19 Jan Self knowledge and insight…what relationship to therapy and finding happiness?
This article was brought to my attention this morning and for several reasons it prompted me to think. I won’t give too much away, because I’d encourage you to read it, ponder and then form your own thoughts and draw your own conclusions about the issues upon which it touches – depression, happiness, therapy and the role of insight or self knowledge.
Anyway, here’s a short sample…
It is practically an article of faith among many therapists that self-understanding is a prerequisite for a happy life. Insight, the thinking goes, will free you from your psychological hang-ups and promote well-being.
Perhaps, but recent experience makes me wonder whether insight is all it_ã_s cracked up to be.
Not long ago, I saw a young man in his early 30s who was sad and anxious after being dumped by his girlfriend for the second time in three years. It was clear that his symptoms were a reaction to the loss of a relationship and that he was not clinically depressed.
_ã–I_ã_ve been over this many times in therapy,_ã he said. He had trouble tolerating any separation from his girlfriends. Whether they were gone for a weekend or he was traveling for work, the result was always the same: a painful state of dysphoria and anxiety.
He could even trace this feeling back to a separation from his mother, who had been hospitalized for several months for cancer treatment when he was 4. In short, he had gained plenty of insight in therapy into the nature and origin of his anxiety, but he felt no better.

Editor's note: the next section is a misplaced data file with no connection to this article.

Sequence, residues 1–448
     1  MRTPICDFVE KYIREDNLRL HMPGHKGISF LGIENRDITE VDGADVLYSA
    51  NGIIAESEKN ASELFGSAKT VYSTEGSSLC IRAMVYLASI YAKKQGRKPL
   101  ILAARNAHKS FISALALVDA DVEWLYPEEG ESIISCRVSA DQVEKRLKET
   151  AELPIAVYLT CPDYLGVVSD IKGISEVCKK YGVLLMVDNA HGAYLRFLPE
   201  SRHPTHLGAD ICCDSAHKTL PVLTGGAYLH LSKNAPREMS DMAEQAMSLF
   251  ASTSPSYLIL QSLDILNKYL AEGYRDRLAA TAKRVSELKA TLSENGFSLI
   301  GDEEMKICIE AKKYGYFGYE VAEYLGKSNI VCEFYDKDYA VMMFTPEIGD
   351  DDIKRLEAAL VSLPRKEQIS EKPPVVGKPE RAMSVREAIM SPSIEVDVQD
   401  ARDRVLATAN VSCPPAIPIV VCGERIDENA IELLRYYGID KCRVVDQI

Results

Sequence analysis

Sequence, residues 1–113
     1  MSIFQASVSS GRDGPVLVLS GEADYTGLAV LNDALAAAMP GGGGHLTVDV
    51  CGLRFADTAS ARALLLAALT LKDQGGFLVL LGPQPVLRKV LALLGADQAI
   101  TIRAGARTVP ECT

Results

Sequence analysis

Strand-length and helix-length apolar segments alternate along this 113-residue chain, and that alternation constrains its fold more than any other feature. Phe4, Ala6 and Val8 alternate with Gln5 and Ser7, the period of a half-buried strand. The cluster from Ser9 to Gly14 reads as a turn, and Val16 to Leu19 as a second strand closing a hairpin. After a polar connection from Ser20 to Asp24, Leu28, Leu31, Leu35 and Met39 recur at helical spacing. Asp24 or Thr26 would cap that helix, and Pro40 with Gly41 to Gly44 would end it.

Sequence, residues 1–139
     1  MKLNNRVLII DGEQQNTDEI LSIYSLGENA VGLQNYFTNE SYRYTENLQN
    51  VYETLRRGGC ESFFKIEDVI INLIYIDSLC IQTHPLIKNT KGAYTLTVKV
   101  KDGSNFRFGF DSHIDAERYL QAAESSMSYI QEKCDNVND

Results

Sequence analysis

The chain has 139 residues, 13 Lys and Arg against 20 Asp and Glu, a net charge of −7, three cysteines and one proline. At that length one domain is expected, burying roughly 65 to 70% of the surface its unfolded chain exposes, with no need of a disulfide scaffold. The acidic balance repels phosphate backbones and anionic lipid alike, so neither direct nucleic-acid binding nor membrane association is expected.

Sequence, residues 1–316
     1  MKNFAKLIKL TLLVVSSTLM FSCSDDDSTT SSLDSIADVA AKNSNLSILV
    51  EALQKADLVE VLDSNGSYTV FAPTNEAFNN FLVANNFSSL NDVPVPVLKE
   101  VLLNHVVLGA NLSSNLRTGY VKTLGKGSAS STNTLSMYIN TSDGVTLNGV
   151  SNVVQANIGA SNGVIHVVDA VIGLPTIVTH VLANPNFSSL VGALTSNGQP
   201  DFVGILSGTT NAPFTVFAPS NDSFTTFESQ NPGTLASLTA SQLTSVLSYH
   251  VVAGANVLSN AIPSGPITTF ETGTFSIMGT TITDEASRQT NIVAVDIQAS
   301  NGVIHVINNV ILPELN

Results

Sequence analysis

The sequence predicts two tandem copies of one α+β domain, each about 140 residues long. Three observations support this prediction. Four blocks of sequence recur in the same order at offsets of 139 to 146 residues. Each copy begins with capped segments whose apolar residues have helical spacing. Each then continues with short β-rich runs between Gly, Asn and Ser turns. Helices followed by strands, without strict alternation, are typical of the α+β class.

The article goes on and then concludes with…
Researchers have known for years that depressed people have a selective recall bias for unhappy events in their lives; it is not that they are fabricating negative stories so much as forgetting the good ones. In that sense, their negative views and perceptions can be depressingly accurate, albeit slanted and incomplete. A lot of good their insight does them!
It even makes you wonder whether a little self-delusion is necessary for happiness.
None of this is to say that insight is without value. Far from it. If you don_ã_t want to be a captive of your psychological conflicts, insight can be a powerful tool to loosen their grip. You_ã_ll probably feel less emotional pain, but that_ã_s different from happiness.
Speaking of which, my chronically depressed patient came to see me recently looking exceedingly happy. He had quit his job and taken a far less lucrative one in the art world. We got to talking about why he was feeling so good. _ã–Simple,_ã he said, _ã–I_ã_m doing what I like._ã
I realized then that I am pretty good at treating clinical misery with drugs and therapy, but that bringing about happiness is a stretch. Perhaps happiness is a bit like self-esteem: You have to work for both. So far as I know, you can_ã_t get an infusion of either one from a therapist.
Hmmmm…my thoughts (and please note, you can read the full and original article HERE)?
There’s undoubtedly much truth in this.
Insight is worth little without positive and constructive effort.
But many therapies do focus on this and especially that offered by my clinical psychology practice which is mostly based on cognitive behaviour therapy combined with acceptance and mindfulness (check it out here – especially if you’re in Sydney).
And as for happiness requiring self delusion…well I don’t think so. The happiest people are those who see the best and look for positives but also, and this is an important also, face up to the cold hard realities and deal with them effectively and head on!